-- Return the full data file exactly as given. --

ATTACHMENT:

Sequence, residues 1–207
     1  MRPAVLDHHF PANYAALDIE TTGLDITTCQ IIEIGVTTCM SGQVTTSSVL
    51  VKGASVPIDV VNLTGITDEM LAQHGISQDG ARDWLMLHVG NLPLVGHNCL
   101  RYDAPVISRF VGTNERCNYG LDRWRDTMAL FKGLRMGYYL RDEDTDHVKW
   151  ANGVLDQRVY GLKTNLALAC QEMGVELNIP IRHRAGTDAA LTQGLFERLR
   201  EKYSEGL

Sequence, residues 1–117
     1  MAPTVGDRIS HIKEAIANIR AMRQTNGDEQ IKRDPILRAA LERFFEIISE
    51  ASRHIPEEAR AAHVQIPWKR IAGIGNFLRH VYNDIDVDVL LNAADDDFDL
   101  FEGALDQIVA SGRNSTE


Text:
Sequence, residues 1–207
     1  MRPAVLDHHF PANYAALDIE TTGLDITTCQ IIEIGVTTCM SGQVTTSSVL
    51  VKGASVPIDV VNLTGITDEM LAQHGISQDG ARDWLMLHVG NLPLVGHNCL
   101  RYDAPVISRF VGTNERCNYG LDRWRDTMAL FKGLRMGYYL RDEDTDHVKW
   151  ANGVLDQRVY GLKTNLALAC QEMGVELNIP IRHRAGTDAA LTQGLFERLR
   201  EKYSEGL

Sequence, residues 1–117
     1  MAPTVGDRIS HIKEAIANIR AMRQTNGDEQ IKRDPILRAA LERFFEIISE
    51  ASRHIPEEAR AAHVQIPWKR IAGIGNFLRH VYNDIDVDVL LNAADDDFDL
   101  FEGALDQIVA SGRNSTE